Bold statements broadcast from Hall H are not uncommon. Their taken with a grain of salt, but that kind of praise is exactly what fans, and the studios backing the movies, want to hear. When premiered footage at Comic-Con in 2004, it was met with passion normally reserved for Best Picture contenders. As a writer of Joblo elegantly put it: "[Director Kerry] Conran has created movie magic here; Sky Captain and the World of Tomorrow is what we go to the movies for." Conran's unique sci-fi adventure took its cues from pulp magazines and films from the early days of the 20th century — an approach that hit all the right chords with genre buffs. But the throwback, that turned out to be more of an exercise in low budget special effects than a thrilling, Indiana Jones-style romp, wasn't easily swallowed by the masses.
Production Budget: $232 million
Domestic Gross: $200.1 million
An IGN writer sums up the reaction to the return of the Son of Krypton quite perfectly. "You will believe a man can fly…again. These words echoed in my head after attending the Superman Returns panel at the San Diego Comic-Con Saturday morning." Absence makes the heart grow fonder and twenty years had Superman fans young and old absolutely rabid for the debut of modern Supes courtesy of director Bryan Singer (X-Men). A nine-figure budget does wonders for a larger-than-life character, and all of Superman's flying heroics stunned the Hall H audience in 2005. The footage was beautiful — maybe too beautiful. Singer's version of Superman aimed for cinematic poetry rather than full-blown action mayhem, a take that might be up comic book purists, but not the audiences flooding multiplexes. Even with a $200 million take, Superman Returns flew under expectations (and really, profitable box office marks). Thankfully, that's not stopping Warner Bros. from attempting to recapture the magic and unleashing it at Comic-Con: the rebooted Man of Steel will premiere its first look on Saturday, July 14.
Production Budget: $130 million
Domestic Gross: $107.5 million
"If you thought the trailer was breathtaking, this was even MORE incredible than that," declared a writer from the blockbuster-friendly blog FirstShowing.net. Time named Watchmen one of the best books of all time, so it's understandable why a mere glimpse at more of the live-action translation of the 1987 graphic novel would have fans frothing at the mouth. This was the comic movie, and director Zack Snyder was sticking to the source material with precision. While Watchmen sent thousands of appreciative readers into a tizzy over the panels coming to life, Snyder's adaptation almost demanded a familiarity with the text. If you weren't a fan, Watchmen was too much to digest — critical acclaim or not. Think about it: would a Catcher in the Rye movie be a mega-hit blockbuster? Everyone has read it, but the demand isn't built in.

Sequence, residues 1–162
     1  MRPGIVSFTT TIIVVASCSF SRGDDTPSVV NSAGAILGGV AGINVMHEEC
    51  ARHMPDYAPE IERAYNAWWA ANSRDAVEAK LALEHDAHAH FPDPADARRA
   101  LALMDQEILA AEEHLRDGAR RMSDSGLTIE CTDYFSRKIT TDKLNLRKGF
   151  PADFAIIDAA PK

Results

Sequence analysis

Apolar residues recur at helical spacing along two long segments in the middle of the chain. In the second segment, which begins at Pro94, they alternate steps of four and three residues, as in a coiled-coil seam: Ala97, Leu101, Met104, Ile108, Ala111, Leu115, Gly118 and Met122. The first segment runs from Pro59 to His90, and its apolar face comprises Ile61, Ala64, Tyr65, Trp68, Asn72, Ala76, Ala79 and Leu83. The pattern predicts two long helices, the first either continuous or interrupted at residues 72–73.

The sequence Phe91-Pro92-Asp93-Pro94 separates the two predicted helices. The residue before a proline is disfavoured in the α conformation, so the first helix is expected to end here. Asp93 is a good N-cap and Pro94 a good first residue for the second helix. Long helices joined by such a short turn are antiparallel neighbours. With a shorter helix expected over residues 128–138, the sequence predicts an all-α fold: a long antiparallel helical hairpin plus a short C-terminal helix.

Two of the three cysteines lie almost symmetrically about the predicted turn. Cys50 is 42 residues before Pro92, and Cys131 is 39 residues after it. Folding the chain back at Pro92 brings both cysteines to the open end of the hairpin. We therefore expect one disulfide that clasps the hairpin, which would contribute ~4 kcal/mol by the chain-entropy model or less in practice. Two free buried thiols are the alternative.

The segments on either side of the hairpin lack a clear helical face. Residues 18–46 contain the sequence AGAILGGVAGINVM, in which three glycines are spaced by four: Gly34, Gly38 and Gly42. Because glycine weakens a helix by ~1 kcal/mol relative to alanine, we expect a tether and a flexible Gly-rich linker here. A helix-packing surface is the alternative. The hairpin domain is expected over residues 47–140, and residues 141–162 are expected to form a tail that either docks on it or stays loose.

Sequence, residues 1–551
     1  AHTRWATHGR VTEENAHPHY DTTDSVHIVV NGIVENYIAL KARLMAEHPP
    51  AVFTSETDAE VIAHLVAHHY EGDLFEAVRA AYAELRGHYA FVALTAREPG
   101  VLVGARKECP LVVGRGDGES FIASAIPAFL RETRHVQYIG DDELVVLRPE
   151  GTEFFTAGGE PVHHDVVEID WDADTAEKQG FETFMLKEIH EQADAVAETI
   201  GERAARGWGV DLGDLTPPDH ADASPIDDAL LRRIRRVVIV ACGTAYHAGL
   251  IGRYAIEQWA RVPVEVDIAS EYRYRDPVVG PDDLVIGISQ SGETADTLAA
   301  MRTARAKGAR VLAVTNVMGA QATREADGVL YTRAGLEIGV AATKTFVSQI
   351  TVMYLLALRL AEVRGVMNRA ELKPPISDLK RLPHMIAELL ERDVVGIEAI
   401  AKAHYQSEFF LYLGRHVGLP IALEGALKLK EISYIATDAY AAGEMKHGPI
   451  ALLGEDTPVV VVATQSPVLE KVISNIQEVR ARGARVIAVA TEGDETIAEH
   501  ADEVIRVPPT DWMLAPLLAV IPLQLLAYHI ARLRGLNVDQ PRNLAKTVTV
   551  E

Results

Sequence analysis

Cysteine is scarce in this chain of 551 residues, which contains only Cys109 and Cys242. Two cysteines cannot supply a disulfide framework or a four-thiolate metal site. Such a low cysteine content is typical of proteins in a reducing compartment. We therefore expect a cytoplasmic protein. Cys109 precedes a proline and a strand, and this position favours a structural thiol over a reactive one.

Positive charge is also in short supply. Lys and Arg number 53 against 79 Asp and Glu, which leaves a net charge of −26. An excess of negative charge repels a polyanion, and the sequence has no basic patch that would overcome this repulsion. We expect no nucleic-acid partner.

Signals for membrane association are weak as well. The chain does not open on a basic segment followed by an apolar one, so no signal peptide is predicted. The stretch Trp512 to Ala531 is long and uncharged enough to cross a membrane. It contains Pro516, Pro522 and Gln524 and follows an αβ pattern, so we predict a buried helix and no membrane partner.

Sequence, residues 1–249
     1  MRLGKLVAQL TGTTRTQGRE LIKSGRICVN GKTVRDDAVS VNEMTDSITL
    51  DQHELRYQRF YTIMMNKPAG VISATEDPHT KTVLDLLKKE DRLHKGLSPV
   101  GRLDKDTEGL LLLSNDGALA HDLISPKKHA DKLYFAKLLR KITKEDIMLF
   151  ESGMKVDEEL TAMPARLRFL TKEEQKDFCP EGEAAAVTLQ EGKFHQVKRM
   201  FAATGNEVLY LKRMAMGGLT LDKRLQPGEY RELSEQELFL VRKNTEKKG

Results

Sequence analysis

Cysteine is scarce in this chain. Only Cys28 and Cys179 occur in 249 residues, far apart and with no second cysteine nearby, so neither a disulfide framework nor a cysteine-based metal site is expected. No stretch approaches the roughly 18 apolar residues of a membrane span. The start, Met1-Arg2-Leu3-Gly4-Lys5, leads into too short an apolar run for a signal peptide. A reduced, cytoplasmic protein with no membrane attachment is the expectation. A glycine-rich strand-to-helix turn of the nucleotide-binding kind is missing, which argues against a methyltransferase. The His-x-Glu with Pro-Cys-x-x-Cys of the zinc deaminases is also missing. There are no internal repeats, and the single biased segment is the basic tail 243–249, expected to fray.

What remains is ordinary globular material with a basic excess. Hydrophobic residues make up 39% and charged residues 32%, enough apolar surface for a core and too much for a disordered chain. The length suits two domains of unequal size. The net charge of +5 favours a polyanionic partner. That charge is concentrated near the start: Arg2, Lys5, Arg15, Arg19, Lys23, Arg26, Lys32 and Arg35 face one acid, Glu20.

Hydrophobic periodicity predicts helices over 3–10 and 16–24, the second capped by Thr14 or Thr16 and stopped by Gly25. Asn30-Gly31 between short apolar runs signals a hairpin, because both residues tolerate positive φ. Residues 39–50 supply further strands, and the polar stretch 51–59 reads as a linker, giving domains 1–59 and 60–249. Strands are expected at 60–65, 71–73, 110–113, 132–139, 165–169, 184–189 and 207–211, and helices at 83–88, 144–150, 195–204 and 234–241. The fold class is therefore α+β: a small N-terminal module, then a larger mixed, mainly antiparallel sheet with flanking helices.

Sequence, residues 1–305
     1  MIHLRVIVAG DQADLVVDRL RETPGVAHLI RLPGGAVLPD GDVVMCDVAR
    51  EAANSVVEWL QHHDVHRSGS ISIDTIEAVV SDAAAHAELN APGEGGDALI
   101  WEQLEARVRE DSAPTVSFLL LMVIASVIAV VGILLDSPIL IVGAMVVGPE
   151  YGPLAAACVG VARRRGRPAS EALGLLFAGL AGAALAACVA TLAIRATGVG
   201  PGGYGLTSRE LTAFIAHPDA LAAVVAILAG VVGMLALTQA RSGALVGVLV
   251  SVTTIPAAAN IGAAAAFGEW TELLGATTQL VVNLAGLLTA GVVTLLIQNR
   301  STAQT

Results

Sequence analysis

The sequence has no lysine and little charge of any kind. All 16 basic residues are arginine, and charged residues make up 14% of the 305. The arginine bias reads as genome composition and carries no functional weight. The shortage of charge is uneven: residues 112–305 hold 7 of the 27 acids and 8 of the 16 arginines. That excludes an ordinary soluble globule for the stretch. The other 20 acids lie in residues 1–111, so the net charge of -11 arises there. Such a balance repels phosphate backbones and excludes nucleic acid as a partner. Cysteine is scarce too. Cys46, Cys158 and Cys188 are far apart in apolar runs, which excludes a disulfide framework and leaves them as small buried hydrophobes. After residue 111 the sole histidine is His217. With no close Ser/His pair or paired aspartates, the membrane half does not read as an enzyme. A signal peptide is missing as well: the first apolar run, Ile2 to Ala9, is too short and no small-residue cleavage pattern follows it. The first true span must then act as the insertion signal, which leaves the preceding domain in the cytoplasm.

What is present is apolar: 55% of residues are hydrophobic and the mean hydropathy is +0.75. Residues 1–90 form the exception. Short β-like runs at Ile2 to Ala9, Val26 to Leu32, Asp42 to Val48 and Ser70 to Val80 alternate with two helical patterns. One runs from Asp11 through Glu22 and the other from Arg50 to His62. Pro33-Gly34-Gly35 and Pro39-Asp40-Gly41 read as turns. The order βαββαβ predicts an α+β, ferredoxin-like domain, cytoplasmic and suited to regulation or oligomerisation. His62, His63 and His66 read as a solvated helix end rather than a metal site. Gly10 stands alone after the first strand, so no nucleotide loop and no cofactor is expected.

Production Budget: $200 million
Domestic Gross: $125.3 million
McG's fourth Terminator had all the makings of a Comic-Con friendly flick. A radical franchise shift that skewed to the ever-popular "dark, gritty" approach; a fanboy dream of a screenwriter, The Dark Knight's Jonah Nolan; a rising action star (Sam Worthington, Avatar) and a heralded keystone (Christian Bale); and most importantly, some kick-ass action footage. After the Charlie's Angels director screened his saturation-less robot mayhem for Hall H audiences, a Screenrant writer declared "I don’t think we need to worry about this one folks, it looks like it’s in good hands!" Everyone was on the same page: finally, a Terminator movie that pushes the envelope of its main conceit. All out war! But snippets proved more exciting than the final product, which underwhelmed summer audiences with its bleak palate. Maybe the only people who really care about Terminator mythology are Con-goers?
Scott Pilgrim vs. the World
Production Budget: $85 million
Domestic Gross: $31.6 million